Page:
Author: bergtora

The mass killing of women activists in Latin America: making political violence visible

In 2017, Latin America was described by the UN as the world’s most violent continent for women. The assassinations of women activists and community leaders have continued across the region in 2018. While the killing of Marielle Franco, a favela community leader, and the unraveling of government-private enterprise collusion in the 2016 killing of Berta… Read more »

A Venezuelan Incident: Maduro and the Politics of Latin American Drones

On 4 August 2018, Venezuelan President Nicolás Maduro’s speech at a military parade in Caracas was interrupted by the sound of two explosions. Maduro’s camp immediately claimed that the explosions resulted from a failed assassination attempt by drones carrying explosives. Although the nature of the incident remains disputed, and is being described as “an apparent”… Read more »

From Principle to Practice: Humanitarian Innovation and Experimentation

Without methods to gauge success and failure, and without appropriate ethical frameworks, humanitarian tech may do more harm than good. Humanitarian organizations have an almost impossible task: They must balance the imperative to save lives with the commitment to do no harm. They perform this balancing act amidst chaos, with incredibly high stakes and far… Read more »

Humanitarian Experimentation

Humanitarian actors, faced with ongoing conflict, epidemics, famine and a range of natural disasters, are increasingly being asked to do more with less. The international community’s commitment of resources has not kept pace with their expectations or the growing crises around the world. Some humanitarian organizations are trying to bridge this disparity by adopting new… Read more »

Building a Sociology of Law for the Humanitarian Field

  Legal sociology has paid significant attention to human rights, but in contrast to legal anthropology, little focus has been given to humanitarianism. In this contribution, we ask, what does a legal sociological research agenda for the humanitarian field look like? Humanitarianism is many things to many people. As described by Miriam Ticktin, humanitarianism is… Read more »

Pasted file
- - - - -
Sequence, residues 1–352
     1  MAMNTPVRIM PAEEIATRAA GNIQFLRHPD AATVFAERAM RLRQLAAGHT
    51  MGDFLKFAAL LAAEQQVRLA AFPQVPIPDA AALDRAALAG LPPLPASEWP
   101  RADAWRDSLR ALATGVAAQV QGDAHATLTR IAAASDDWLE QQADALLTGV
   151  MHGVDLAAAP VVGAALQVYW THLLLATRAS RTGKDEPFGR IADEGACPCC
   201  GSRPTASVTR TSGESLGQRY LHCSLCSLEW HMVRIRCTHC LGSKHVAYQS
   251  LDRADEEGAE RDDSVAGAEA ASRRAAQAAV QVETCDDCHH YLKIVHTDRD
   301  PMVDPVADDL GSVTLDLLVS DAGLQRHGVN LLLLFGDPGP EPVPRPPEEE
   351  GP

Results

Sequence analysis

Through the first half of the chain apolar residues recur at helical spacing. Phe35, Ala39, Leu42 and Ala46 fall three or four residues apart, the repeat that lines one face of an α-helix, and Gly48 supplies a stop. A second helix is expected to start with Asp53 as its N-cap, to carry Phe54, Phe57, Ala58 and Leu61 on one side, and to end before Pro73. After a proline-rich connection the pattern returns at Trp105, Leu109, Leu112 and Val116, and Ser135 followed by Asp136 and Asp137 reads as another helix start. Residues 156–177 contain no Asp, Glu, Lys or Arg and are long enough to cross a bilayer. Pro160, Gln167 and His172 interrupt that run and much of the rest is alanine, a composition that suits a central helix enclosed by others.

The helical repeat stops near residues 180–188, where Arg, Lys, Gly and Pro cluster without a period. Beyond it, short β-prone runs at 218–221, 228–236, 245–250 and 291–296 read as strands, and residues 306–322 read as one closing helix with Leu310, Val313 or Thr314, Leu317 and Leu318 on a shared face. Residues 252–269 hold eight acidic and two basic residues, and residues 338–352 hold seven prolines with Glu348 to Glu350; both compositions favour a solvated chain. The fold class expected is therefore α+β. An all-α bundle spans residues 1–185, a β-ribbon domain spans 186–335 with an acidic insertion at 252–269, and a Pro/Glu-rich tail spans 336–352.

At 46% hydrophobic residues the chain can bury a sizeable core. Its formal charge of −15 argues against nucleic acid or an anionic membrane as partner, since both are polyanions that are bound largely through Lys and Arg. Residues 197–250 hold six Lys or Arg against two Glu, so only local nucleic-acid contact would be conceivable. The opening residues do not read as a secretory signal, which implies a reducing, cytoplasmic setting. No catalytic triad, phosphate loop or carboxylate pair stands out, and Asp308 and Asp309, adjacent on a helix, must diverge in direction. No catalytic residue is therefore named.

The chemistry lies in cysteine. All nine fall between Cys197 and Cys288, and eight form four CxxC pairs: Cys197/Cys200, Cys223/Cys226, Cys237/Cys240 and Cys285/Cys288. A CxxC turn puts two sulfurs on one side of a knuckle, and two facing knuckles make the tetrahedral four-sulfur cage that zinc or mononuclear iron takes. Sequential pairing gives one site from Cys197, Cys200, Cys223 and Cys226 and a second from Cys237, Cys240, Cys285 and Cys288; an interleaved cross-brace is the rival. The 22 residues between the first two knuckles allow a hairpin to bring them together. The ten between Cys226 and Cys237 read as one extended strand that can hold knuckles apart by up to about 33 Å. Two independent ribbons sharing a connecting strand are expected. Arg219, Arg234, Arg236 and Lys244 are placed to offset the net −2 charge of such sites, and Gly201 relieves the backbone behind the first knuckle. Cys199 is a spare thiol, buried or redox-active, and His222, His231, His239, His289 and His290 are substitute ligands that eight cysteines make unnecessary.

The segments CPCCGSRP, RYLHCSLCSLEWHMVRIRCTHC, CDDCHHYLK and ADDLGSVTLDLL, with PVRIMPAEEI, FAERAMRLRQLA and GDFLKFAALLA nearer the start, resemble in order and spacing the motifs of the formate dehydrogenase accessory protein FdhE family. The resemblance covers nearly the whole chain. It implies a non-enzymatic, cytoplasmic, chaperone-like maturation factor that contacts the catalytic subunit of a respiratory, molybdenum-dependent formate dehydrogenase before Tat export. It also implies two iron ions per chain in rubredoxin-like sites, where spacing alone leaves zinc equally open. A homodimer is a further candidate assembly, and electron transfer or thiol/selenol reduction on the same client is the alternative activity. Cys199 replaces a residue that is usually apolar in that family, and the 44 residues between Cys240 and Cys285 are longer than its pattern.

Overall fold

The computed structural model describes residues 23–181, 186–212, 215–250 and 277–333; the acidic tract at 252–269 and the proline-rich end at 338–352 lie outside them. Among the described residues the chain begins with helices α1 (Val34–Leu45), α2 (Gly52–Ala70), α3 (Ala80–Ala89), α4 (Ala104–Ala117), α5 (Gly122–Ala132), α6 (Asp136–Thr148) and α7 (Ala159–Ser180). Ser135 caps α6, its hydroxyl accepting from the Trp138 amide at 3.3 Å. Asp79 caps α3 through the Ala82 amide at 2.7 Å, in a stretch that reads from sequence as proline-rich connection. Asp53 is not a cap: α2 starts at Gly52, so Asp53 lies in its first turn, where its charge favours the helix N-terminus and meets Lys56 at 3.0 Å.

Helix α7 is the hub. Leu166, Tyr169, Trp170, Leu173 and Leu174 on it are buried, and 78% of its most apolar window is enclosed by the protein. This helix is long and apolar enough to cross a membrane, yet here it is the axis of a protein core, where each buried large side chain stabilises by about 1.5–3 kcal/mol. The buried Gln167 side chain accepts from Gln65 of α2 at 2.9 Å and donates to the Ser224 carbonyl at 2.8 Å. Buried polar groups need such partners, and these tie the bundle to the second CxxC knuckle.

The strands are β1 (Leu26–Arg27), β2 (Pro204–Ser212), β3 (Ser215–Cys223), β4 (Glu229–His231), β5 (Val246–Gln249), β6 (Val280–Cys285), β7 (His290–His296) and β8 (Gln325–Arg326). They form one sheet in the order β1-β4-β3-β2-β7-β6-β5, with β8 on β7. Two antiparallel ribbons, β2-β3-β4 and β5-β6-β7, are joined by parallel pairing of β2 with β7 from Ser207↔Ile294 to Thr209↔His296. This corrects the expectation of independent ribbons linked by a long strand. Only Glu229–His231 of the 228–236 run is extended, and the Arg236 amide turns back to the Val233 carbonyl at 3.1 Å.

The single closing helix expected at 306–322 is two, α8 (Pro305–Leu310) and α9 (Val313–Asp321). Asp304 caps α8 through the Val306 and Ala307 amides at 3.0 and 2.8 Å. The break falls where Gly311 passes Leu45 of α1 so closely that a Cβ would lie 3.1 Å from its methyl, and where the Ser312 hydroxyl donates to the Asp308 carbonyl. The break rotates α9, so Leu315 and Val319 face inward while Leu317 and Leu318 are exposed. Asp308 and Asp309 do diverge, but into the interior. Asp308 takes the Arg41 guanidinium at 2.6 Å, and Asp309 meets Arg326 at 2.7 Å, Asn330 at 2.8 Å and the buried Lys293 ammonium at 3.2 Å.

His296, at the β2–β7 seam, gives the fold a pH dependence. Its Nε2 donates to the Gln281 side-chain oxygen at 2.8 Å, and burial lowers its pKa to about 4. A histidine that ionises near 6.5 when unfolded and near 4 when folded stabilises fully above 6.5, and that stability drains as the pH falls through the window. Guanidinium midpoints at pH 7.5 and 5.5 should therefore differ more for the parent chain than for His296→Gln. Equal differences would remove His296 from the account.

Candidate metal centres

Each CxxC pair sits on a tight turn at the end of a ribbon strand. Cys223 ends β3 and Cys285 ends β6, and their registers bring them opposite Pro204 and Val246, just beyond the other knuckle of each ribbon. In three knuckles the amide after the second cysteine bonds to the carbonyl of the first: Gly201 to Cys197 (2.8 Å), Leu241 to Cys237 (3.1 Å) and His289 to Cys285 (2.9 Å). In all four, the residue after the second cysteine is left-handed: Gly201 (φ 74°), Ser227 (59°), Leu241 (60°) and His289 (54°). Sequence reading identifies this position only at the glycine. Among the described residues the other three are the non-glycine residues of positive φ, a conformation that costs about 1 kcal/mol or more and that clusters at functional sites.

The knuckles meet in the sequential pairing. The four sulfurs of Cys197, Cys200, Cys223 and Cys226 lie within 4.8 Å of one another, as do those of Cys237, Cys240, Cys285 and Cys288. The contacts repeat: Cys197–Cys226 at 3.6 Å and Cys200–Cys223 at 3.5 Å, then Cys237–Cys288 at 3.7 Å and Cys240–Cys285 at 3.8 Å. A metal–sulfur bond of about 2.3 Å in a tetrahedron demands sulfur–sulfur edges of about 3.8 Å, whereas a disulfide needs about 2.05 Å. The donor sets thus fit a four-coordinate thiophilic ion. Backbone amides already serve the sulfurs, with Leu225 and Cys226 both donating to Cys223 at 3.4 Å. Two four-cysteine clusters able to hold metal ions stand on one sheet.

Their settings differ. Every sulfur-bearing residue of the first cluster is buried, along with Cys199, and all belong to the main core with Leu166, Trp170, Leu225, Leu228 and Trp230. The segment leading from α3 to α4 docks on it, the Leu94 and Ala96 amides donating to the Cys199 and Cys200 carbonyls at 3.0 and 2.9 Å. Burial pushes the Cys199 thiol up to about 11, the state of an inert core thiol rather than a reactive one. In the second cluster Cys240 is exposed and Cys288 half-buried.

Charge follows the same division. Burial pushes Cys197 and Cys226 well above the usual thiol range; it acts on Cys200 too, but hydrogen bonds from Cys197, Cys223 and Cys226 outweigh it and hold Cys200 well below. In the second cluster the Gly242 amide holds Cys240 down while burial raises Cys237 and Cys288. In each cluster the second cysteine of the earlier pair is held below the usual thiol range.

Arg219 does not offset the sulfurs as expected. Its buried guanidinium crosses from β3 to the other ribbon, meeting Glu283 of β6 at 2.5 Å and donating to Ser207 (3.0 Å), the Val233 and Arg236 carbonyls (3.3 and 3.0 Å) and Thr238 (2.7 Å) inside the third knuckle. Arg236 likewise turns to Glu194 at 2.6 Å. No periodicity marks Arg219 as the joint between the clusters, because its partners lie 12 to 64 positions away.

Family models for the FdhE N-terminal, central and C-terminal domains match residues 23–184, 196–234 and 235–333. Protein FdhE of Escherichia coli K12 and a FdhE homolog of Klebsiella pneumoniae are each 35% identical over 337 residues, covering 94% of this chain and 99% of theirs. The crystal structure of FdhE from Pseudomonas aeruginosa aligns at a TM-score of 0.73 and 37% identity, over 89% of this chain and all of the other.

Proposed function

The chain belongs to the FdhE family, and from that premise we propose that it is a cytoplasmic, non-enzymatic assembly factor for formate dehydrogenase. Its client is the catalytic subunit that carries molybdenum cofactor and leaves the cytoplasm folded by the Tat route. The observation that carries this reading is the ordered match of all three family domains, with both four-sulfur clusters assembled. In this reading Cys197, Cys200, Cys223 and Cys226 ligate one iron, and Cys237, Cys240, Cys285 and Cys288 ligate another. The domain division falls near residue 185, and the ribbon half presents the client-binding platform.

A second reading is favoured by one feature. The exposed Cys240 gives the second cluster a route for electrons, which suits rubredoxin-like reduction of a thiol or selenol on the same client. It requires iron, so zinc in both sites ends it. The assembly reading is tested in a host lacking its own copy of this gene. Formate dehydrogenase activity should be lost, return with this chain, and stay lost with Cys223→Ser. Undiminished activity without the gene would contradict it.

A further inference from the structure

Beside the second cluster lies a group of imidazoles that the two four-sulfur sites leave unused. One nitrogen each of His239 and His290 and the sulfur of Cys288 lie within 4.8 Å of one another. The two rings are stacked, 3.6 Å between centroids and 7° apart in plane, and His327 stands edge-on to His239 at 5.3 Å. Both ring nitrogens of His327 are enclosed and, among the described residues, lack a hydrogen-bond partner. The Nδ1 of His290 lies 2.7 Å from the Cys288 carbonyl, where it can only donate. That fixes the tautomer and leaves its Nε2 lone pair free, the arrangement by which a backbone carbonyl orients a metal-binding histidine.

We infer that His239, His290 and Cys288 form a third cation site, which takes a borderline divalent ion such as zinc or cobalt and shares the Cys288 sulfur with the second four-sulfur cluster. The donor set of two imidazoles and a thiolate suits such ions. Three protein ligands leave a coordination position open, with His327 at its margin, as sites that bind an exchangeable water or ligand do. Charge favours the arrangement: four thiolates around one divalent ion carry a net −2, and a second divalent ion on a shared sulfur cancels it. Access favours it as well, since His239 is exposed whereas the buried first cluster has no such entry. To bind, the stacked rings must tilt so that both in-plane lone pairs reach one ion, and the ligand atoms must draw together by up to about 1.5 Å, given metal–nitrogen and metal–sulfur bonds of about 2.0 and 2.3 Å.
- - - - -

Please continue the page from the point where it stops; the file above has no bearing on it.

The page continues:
The Myth of ICT’s Protective Effect in Mass Atrocity Response

Information Communication Technologies (ICTs) are now being employed as a standard part of mass atrocity response, evidence collection, and research by non-governmental organizations, governments, and the private sector. Deployment of these tools and techniques occur for a variety of stated reasons, most notably the ostensible goal of “protecting” vulnerable populations. In a new article published… Read more »

Most Importantly a Nobel for the Colombian People and the Victims of the Civil War

The Norwegian Nobel Committee emphasizes that the award of the 2016 Nobel Peace Prize to the Colombian president Juan Manuel Santos is not only a prize given in recognition of his own personal efforts to end the more than 50 year old civil war in the country, but that this award is also given to… Read more »

Refugee Resettlement as Humanitarian Governance: The Need for a Critical Research Agenda

This blog post suggests understanding refugee resettlement as an instrument of humanitarian governance from the selection of refugees to their long-term integration. It presents a five-point research agenda aiming to investigate resettlement’s power dynamics in multiscalar perspective, with a focus on: political economy; the UNHCR’s competing goals; and the role of discretion, persuasion and coercion… Read more »

African Drone Proliferation: The Meaning of Leapfrogging

The ongoing drone proliferation throughout Africa has received little critical attention. However, African drone proliferation has become a vehicle for the production and distribution of forms of legitimacy and of resources that have implications for drone proliferation both within and outside Africa.  More specifically, the percep­tion of Africa as being in need of external drone… Read more »